A third "killer bee" colony has been found in a tree stump in California seven miles from the first, which was in an old fox den in an oil field. The third colony and the second, found two miles away in a commercial beehive, appear to have been younger and smaller. All have been destroyed.

The new discoveries confirm suspicions that one or more queen bees escaped from the first colony -- which is thought to have been in California more than a year -- and took swarms of worker bees with them to establish new colonies.

Experts on the insects, which more properly are called Africanized bees, say that the finding of additional hives does not necessarily raise the chances of a more widespread invasion. They note that some 2,000 commercial beehives in the area have been checked and only one had been taken over by Africanized bees.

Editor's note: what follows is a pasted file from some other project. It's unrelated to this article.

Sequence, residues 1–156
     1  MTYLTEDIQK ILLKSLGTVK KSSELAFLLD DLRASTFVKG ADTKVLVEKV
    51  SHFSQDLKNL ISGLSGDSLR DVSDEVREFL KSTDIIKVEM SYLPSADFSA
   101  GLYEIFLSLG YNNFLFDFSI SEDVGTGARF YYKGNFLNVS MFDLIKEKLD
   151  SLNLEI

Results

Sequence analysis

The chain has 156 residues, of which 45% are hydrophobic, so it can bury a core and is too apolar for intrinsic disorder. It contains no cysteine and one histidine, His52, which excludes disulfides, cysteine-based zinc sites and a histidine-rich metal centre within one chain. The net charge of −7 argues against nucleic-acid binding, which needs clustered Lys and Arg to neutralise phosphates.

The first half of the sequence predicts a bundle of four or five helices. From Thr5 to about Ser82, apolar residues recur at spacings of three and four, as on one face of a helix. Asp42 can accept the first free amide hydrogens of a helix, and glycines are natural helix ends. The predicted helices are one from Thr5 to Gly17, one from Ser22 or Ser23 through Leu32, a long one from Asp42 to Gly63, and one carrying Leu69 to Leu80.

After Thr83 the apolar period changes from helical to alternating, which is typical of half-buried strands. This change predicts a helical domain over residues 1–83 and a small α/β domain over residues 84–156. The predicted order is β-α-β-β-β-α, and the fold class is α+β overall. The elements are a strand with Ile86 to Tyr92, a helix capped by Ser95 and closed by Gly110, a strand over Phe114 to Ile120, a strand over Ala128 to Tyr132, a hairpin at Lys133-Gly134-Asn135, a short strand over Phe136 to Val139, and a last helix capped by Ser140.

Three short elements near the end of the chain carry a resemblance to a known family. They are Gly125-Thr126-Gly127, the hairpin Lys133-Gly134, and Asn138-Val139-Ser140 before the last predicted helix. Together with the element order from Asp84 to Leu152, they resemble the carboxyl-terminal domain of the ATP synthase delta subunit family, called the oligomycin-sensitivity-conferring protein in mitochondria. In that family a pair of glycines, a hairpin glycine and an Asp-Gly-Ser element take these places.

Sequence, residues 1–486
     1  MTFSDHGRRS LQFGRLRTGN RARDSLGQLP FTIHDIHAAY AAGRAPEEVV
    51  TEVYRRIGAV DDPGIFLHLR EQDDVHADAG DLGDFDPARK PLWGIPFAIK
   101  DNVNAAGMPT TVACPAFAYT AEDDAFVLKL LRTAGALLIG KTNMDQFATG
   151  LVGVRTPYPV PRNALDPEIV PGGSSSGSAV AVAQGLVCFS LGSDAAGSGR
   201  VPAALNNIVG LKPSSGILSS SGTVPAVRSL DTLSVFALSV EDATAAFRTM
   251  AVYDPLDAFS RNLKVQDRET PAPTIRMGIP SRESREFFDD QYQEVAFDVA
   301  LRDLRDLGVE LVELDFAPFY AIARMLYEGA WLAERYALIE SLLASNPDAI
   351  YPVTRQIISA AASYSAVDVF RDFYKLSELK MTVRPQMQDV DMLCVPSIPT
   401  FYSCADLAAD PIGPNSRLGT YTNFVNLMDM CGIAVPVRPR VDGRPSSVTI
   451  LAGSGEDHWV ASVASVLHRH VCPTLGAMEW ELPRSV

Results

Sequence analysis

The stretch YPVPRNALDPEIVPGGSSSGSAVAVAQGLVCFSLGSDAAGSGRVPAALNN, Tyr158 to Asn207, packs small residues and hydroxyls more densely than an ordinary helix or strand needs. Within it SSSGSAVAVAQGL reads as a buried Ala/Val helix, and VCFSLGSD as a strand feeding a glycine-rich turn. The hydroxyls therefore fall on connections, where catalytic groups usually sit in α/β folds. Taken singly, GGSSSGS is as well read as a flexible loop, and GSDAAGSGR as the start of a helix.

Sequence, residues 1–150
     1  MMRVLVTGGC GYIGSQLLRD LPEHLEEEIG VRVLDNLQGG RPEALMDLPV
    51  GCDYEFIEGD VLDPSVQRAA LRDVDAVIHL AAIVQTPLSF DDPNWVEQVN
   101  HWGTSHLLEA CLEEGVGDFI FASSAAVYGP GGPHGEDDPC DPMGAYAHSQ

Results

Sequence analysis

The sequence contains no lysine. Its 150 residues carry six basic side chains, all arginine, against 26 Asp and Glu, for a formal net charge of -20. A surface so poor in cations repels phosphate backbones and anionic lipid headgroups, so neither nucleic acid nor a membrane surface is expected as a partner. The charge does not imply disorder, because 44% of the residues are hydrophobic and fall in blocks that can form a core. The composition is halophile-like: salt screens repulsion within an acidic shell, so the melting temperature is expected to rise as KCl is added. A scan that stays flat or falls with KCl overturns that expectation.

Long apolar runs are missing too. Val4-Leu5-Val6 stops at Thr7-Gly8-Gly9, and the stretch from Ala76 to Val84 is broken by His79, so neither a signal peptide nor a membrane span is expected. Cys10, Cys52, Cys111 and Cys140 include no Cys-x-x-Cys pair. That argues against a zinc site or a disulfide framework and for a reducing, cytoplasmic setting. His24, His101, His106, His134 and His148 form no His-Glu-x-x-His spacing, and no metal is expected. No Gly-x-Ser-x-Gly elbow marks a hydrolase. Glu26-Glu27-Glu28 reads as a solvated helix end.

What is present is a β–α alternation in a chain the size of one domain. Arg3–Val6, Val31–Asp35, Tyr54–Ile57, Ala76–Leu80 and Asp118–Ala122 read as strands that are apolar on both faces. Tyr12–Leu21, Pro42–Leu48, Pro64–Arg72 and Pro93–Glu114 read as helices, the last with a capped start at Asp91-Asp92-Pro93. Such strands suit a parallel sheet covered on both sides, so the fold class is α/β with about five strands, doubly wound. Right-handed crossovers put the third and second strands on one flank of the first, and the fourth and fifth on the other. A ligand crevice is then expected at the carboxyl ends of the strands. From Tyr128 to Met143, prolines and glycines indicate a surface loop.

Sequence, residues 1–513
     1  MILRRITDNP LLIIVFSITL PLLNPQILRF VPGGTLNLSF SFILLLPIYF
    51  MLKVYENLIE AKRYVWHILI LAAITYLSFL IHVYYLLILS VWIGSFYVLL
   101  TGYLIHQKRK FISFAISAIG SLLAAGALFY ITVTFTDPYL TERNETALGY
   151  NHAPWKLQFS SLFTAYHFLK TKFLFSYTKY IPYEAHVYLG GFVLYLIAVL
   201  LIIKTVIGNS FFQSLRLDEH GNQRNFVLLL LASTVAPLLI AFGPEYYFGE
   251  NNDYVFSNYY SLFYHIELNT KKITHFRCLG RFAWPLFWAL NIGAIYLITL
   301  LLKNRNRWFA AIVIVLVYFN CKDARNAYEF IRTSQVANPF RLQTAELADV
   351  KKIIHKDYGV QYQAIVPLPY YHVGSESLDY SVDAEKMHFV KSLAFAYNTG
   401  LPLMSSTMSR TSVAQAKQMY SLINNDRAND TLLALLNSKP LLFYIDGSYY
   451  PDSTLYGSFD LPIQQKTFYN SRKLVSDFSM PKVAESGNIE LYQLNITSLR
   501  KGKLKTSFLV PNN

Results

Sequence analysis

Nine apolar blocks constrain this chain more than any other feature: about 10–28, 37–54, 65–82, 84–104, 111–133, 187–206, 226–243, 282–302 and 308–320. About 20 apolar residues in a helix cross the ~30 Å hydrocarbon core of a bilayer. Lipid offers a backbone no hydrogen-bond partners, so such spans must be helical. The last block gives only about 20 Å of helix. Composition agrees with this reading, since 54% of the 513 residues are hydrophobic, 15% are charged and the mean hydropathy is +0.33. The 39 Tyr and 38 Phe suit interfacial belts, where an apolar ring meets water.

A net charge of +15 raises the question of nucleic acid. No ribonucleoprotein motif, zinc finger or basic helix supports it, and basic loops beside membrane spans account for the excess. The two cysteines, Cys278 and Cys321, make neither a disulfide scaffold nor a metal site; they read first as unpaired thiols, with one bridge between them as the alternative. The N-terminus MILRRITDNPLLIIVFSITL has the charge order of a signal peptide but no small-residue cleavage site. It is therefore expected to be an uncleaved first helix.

"If there were a significant spread, you'd expect to find more of them in commercial hives," said Thomas Rinderer, a bee expert at the federal government's Agricultural Research Service in Baton Rouge, La. "I think this is a hopeful sign."

More Africanized colonies may be found in 7,000 hives still to be checked , Rinderer said. But, he added, the low proportion of alien bees means that eventually they will be crossbred out of existence as a distinct race in that area. The spread of the bees from an introduced colony in Brazil almost 30 years ago has occurred mostly in regions devoid of competing European bees.

Thus, Rinderer said, there probably were millions of colonies of Africanized bees in existence before they encountered substantial numbers of European bees in Venezuela. The Africanized bees interbred and genetically overwhelmed those colonies, destroying in a year a honey industry that had just grown large enough to begin exporting.